The use of personalised pricing is on the rise, but what does it actually mean?
In essence, personalised pricing occurs if the price offered to a consumer is based on information that is collected or observed about customers.
This so called price discrimination which is a well-established practice for businesses is based on the assumption that all buyers are different and there is no “one price fits all” model.
Companies today are increasingly using technology to find valuable trends in consumer behaviour to gain insights into when they buy, how they buy and why they buy. Alongside a pricing tool, this data is then used to create special offers and prices that encourages more spending. The collection of such consumer data has also caused controversy, but where it has been legitimately collected through a transparent process, this data can be very useful to businesses to identify trends and behaviours for personalised pricing. For example, retailers can collect details of a customer's previous purchases made on the website.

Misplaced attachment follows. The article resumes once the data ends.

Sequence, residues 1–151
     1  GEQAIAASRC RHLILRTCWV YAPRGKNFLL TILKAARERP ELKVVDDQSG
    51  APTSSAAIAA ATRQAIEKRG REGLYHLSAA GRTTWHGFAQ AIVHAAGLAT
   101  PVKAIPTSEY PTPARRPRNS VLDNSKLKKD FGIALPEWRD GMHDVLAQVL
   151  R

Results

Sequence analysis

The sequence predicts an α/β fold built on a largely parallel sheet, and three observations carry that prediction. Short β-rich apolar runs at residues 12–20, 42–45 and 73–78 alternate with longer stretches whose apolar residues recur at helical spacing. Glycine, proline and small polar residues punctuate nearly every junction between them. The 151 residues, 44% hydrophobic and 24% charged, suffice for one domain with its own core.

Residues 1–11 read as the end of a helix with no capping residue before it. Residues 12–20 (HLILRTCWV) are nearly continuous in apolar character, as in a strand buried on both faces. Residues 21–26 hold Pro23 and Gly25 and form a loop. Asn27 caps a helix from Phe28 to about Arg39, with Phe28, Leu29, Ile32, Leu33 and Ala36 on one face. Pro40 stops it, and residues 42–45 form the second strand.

Businesses can then offer personalised discounts, and are increasingly using information collected about consumers in order to improve their pricing strategies.
A transparent personalised pricing approach has the potential to benefit both the consumer and the business and customers. If conducted correctly, it will increase the revenues for the company and yield customer satisfaction along the way.